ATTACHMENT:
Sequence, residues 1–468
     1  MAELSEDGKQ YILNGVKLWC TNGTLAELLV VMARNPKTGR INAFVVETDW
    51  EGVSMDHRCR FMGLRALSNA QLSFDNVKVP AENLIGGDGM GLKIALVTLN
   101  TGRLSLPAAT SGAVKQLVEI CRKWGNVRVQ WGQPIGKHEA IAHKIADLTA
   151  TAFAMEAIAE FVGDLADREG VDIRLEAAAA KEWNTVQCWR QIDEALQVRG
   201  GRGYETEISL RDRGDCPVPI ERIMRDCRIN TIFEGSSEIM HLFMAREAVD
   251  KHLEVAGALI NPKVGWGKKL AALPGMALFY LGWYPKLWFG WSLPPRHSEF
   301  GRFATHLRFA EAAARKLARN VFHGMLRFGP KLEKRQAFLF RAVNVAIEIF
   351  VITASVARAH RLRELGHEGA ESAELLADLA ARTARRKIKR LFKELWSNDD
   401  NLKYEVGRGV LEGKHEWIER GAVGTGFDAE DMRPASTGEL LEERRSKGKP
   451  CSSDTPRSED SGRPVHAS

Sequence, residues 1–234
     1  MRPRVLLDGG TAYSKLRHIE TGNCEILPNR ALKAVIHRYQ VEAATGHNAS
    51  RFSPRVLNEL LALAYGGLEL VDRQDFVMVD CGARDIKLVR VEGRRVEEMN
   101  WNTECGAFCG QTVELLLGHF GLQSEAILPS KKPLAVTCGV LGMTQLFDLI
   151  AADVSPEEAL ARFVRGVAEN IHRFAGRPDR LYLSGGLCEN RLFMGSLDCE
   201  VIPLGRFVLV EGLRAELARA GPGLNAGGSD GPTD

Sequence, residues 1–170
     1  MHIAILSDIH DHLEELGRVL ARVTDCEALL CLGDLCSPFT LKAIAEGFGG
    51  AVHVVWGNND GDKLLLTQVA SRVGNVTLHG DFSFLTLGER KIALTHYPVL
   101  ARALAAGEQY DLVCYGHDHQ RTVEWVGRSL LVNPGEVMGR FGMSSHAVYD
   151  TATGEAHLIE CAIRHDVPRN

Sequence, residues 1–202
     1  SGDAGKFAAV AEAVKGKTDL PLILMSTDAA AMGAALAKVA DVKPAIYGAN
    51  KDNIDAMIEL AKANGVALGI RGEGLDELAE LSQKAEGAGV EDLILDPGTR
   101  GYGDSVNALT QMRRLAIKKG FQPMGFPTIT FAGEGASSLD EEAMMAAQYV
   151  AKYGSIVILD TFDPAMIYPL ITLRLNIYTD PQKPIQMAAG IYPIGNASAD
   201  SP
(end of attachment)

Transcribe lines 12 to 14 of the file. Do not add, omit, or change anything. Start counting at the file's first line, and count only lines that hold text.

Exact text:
Sequence, residues 1–234
     1  MRPRVLLDGG TAYSKLRHIE TGNCEILPNR ALKAVIHRYQ VEAATGHNAS
    51  RFSPRVLNEL LALAYGGLEL VDRQDFVMVD CGARDIKLVR VEGRRVEEMN